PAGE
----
Record numbers of pupils taught about living with a disability

Jewish Blind and Disabled charity runs a pioneering schools’ programme


Jewish Blind and Disabled schools' programme being delivered by JBD tenant Diana Young (Photo: Jewish Blind & Disabled)

The schools’ programme run by the Jewish Blind and Disabled charity (JBD) is having its biggest year to date.

It has already surpassed previous records for the number of students the scheme has reached, delivering sessions to over 1,600 students since the start of the academic year.

Aimed at three to 18-year-olds, the programme is delivered by JBD tenant ambassadors, who teach students about life with a disability and the importance of aids and adaptations.

There are eight tenant ambassadors who use their lived experience of having various disabilities, including vision impairment, Parkinson’s and mobility challenges, to teach young people.

The charity’s chief executive, Lisa Wimborne, said: “We believe we have a role to play in helping educate young people to ensure they see people beyond their disability. We know that, in turn, education will change attitudes.”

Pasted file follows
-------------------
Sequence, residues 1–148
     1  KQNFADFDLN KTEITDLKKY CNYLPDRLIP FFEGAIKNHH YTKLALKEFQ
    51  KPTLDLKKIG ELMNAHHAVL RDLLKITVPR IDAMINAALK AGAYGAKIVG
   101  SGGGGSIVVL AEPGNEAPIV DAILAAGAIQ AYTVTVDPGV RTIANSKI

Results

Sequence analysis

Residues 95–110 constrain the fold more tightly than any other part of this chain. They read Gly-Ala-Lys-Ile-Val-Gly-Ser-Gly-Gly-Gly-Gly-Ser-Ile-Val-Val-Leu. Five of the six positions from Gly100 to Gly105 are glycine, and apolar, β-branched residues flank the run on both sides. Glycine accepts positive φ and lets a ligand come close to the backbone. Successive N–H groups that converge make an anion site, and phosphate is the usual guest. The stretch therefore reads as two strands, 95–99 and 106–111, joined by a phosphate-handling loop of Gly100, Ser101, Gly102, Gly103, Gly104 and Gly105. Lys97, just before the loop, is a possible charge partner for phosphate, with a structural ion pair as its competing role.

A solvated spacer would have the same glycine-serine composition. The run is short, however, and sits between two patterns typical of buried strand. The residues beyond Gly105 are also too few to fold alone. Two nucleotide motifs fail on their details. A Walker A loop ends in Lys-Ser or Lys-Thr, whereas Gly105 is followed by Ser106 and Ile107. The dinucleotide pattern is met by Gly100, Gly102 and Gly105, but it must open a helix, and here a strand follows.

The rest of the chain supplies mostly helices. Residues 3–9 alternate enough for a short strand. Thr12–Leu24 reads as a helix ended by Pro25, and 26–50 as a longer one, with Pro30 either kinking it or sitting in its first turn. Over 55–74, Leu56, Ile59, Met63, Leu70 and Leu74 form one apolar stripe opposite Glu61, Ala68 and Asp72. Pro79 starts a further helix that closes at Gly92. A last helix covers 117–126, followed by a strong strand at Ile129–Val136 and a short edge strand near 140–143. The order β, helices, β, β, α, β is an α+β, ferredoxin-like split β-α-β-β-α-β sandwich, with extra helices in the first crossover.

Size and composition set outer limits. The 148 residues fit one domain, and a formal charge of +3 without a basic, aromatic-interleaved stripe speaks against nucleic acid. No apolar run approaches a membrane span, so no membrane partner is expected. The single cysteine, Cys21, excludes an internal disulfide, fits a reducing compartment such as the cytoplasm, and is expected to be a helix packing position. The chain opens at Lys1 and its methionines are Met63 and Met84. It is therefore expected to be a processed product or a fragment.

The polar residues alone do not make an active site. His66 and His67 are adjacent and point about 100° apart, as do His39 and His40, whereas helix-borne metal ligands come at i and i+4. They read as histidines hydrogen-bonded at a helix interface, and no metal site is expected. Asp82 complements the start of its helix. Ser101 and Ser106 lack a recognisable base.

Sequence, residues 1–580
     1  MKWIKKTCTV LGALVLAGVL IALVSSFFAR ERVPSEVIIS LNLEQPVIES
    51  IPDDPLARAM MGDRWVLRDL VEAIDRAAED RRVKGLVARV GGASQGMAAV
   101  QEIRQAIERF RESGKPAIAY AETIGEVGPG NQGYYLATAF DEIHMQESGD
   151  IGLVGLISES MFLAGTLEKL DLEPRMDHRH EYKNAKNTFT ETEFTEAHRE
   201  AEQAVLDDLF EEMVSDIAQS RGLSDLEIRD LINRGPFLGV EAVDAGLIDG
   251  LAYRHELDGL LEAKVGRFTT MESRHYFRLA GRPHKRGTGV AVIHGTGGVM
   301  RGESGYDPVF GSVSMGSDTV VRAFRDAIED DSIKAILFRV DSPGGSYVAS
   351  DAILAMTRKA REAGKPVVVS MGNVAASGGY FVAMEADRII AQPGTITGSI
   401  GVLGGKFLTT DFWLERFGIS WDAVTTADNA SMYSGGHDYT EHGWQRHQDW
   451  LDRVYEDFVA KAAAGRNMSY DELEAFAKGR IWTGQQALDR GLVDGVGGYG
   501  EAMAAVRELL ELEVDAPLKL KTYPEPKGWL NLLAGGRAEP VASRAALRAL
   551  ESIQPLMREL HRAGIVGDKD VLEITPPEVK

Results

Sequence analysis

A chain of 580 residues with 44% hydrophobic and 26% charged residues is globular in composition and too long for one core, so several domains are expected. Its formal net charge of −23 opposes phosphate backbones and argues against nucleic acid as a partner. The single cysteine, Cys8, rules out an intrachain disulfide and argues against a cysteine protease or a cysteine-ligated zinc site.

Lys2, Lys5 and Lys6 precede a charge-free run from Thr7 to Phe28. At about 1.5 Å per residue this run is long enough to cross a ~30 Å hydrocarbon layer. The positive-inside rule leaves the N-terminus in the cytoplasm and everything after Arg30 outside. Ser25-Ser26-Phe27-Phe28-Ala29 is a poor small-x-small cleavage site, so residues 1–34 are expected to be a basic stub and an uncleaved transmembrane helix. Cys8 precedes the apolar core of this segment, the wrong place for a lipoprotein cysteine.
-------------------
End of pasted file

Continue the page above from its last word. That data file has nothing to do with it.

Ambassadors bring along aids such as grabbers — cups that cannot overflow — and even a bionic hand, which students can experiment with as they are encouraged to contribute to the sessions.

Some schools want JBD to focus on a certain disability if it is shared by a child in the school, and ambassadors can adapt the sessions to different schools’ needs.

“Our young people are future town planners, architects, policy and decision makers. It is so important they understand disability and the responsibility we all have in creating an inclusive and accessible country,” the CEO said.

The impact doesn’t end when JBD leaves as the charity distributes activity books to help younger students continue the conversation at home.

Tenant ambassadors have spoken about the fulfilment they get from delivering the sessions. One ambassador, Neil, said: “When I explain about what it’s like to have disabilities, and that some people have disabilities you can’t see, I think it really opens their eyes.”

Dena Shmuel, interim headteacher at Sacks Morasha Jewish Primary School in north London, said: “It was great to hear directly from the perspective of a person living with a disability. Our children loved seeing different equipment that helps improve their day-to-day life, including a very unique robotic arm.”

JBD provides specially adapted mobility apartments located in seven supportive developments for Jewish adults who have a physical disability and/or vision impairment.

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